As we mentioned earlier, it’s probably much more lucrative to target investors who have experience in your industry. Try researching investors who have recently invested in your field or spaces close to yours. Keep up to date with your industry news for the latest developments.

Use social networks
Identify The Right Startup Investor, Not All Of Them

Who’s in the know?

Use your existing contacts to see if anyone you know is already connected to investors who could be useful to you. Use LinkedIn, Twitter, Facebook, AngelList, etc, and see if any of your friends could make an introduction happen.

Do your homework

Stop! Before you even think about reaching out to your list of investor leads, you should research each investor individually. Learn as much as you can about them. What’s their background? What have they previously invested in? How do they like to be approached? How much do they typically invest? Will they share your vision?

That way you can tailor each contact you make, and even if it’s a cold lead, it will seem a lot more personal.

Refine and organise your investor network list
Bespoke Investor Outreach Yields Better Results

Refine your list

Now you’ve got a list of potential investor leads, start to organize them. If you’ve researched your investors using the questions above, you’ll be able to prioritize who to contact first.

Sort them into warm and cold leads. Start with warm leads as they will be easier to convince, and once you have one investor on board, it will be easier to persuade others.

Get two for the price of one

One networking tip to take note of is to ask your investor leads if they know someone else who would be interested in looking at your startup. If it works out, you could end up with two investors on board! Investors aren’t likely to pass on a good idea – if they know their friends are investing, they’ll get major FOMO.

Startup Investors Can Come in two's!
Investor Networking Your Investor Network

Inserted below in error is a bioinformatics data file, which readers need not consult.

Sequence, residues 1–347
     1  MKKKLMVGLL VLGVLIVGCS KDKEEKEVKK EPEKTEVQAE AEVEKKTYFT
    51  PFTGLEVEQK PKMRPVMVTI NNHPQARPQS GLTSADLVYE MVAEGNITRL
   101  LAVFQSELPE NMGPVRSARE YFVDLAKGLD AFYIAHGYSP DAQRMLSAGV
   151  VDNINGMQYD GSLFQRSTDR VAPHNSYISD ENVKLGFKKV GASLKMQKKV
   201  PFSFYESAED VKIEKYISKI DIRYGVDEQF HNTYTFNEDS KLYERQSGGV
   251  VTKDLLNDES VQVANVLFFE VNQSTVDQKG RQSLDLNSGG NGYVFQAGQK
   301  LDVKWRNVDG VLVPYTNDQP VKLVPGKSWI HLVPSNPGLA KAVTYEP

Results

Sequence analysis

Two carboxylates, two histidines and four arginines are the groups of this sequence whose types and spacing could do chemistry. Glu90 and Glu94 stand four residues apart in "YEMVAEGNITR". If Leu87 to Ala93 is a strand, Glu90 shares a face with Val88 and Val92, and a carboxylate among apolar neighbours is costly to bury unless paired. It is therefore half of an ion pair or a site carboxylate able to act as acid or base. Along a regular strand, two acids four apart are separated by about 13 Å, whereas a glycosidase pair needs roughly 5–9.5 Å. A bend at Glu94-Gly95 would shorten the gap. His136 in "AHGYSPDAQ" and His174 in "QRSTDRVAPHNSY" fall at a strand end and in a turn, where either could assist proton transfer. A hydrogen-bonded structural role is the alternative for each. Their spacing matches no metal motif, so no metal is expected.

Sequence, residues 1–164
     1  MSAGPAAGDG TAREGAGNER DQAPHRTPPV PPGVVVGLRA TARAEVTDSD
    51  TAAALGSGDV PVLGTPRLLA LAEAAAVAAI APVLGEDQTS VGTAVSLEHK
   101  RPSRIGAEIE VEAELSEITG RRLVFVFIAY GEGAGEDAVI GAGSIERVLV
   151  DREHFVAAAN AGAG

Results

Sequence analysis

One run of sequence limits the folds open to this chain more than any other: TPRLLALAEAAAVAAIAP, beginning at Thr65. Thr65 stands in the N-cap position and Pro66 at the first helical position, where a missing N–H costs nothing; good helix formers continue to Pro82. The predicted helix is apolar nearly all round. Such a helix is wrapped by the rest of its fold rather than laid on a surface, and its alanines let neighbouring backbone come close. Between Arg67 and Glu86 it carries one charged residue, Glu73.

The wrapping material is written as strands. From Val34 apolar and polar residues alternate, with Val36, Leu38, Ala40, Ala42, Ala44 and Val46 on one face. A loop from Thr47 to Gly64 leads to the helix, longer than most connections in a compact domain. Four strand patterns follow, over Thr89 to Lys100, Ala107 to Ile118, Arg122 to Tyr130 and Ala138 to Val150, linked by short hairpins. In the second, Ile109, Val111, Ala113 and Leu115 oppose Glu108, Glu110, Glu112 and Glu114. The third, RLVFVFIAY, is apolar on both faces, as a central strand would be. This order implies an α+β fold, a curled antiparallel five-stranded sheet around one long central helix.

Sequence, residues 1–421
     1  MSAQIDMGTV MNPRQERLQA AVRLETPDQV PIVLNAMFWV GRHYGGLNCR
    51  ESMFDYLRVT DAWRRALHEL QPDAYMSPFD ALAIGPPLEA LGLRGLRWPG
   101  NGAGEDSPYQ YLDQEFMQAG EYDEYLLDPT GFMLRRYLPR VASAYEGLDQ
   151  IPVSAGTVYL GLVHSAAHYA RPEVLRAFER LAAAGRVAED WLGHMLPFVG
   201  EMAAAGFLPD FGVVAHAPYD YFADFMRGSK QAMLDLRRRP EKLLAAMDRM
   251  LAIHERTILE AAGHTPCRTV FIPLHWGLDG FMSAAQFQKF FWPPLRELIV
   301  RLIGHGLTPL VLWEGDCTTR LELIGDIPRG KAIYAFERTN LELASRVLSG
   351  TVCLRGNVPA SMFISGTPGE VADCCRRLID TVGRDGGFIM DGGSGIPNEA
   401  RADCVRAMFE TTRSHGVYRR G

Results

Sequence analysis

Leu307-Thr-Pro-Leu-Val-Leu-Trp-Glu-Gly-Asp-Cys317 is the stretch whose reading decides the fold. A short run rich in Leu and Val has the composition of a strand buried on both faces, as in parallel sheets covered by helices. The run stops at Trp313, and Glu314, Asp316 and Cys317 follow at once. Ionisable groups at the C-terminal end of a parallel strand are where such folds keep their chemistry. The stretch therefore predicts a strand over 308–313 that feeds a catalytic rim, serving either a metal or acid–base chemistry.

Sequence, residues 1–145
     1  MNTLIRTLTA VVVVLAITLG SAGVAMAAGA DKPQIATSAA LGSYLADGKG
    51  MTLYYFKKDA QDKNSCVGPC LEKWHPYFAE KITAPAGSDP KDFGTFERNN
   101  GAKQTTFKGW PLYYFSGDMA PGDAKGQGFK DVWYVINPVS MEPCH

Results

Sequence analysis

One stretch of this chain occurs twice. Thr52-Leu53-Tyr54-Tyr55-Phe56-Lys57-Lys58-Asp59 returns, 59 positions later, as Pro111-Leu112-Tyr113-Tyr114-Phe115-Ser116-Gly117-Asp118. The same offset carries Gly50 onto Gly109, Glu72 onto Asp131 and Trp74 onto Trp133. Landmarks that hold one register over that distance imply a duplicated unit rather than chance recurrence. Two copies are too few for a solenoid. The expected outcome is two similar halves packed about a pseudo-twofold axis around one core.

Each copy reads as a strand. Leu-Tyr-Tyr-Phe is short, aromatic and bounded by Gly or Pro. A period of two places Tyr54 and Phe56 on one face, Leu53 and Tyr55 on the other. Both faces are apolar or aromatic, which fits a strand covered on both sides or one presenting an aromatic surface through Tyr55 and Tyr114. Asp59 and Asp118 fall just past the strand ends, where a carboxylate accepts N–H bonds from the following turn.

Get planning

Investors who are interested will likely have lots of questions. Get planning for every eventuality. You should have some collateral to hand to send over to investors, such as a pitch deck or business plan.

Get used to ‘no’

Don’t let it get you down, but you’ll hear ‘no’ a lot more than you’ll hear ‘yes’. In this process, it’s normal. Don’t let it knock your confidence. If your idea is watertight, eventually you’ll connect with the right investor.

Looking to get investment for your startup? Check out the investor megalist, our free list of investor contacts.

This article is part of our startup investment series. You can read about the types of investors, where to find them, how to pitch, and an introduction to investment legals. Read more.

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After studying English Literature at university, Vicky decided she didn’t want to be either a teacher or whoever it is that writes those interminable mash-up novels about Jane Austen and pirates, so sensibly moved into graphic design.

She worked freelance for some time on various projects before starting at Twine and giving the site its unique, colourful look.

Despite having studied in Manchester and spent some years in Cheshire, she’s originally from Cumbria and stubbornly refuses to pick up a Mancunian accent. A keen hiker, Vicky also shows her geographic preferences by preferring the Cumbrian landscape to anything more local.